Top Chinese nuclear scientist found dead under mysterious circumstances

Topics China | Chinese scientists | Nuclear

One of China's top nuclear scientists and the Vice-President of Harbin Engineering University has died after falling from a building.

Zhang Zhijian, who was the Vice-President of the Chinese Nuclear Society was found dead on Thursday.

South China Morning Post (SCMP) reported that the university in the capital of Heilongjiang said that police had ruled out homicide as the cause of death after on-site investigations failed to provide further details.

"Harbin Engineering University announces with deep grief that Professor Zhang Zhijian regrettably fell off a building and died at 9.34 am on June 17, 2021," the statement read. "The university expresses deep sorrow over the passing of comrade Zhang Zhijian and deep condolences to his family."

There was no other official statement about Zhang's death and his name remained on the leadership list of the university's website on Friday.

Zhang was a professor at the college of nuclear science and technology at the university and the vice-president of the Chinese Nuclear Society. He was also a member of the standing committee of the Communist Party committee at the university.

In 2019, the researcher was awarded the Qian Sanqiang Technology Award, named after the father of China's nuclear programme, by the state-owned China National Nuclear Corporation for his contribution to nuclear power simulation and safety research.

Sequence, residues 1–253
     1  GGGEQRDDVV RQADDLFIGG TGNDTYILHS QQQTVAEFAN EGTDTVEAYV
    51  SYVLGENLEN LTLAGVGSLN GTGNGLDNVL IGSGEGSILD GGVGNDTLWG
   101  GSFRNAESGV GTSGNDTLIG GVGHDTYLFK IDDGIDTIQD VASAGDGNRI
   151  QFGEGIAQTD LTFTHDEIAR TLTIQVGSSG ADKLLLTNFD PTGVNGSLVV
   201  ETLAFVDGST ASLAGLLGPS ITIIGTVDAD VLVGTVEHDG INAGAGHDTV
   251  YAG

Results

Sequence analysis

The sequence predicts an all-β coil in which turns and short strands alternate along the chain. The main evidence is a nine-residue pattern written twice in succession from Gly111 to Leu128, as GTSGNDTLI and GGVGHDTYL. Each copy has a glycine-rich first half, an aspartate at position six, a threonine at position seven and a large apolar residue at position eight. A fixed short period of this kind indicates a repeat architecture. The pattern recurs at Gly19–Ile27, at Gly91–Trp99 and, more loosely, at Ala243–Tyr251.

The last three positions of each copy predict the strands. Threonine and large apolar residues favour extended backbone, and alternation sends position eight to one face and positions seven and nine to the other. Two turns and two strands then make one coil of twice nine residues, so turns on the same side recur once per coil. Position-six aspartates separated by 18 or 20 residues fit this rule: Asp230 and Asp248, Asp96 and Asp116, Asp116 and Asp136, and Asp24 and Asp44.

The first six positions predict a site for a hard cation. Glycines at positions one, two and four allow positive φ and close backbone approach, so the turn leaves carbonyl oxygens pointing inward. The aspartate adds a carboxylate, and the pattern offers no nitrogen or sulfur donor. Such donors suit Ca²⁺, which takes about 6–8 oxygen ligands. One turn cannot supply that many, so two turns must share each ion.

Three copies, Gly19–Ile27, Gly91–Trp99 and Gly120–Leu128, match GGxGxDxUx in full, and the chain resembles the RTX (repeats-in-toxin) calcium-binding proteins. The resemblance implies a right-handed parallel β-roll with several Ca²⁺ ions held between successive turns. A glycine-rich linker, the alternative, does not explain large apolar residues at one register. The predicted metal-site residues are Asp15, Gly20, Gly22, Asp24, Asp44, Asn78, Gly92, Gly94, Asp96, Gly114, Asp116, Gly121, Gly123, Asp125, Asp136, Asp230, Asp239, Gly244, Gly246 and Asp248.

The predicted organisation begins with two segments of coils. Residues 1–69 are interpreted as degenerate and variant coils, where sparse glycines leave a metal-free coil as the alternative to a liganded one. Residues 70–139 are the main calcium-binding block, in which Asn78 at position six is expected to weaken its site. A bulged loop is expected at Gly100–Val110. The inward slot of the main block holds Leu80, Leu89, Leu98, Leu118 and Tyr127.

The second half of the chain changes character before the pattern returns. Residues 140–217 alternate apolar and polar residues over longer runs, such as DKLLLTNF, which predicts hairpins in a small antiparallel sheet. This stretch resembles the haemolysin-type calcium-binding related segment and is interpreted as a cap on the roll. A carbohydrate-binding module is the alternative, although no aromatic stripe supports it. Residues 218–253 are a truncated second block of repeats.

Last May, the scientist also received the National Award for Excellence in Innovation, an honour endorsed by the central government.

Two days before his death the university announced that Yin Jingwei, 41, the former dean of the college of underwater acoustic engineering, had been appointed as a new vice-president.

The university was one of the two Chinese universities with close ties to the military that had been banned from using a US-developed computer software platform last June, amid tensions between China and the United States over technology.

The US Department of Commerce added the university and the Harbin Institute of Technology to its "entity list" a year ago.

The department said Harbin Engineering University had acquired and attempted to acquire "US-origin items in support of programmes for the People's Liberation Army".


(Only the headline and picture of this report may have been reworked by the Business Standard staff; the rest of the content is auto-generated from a syndicated feed.)


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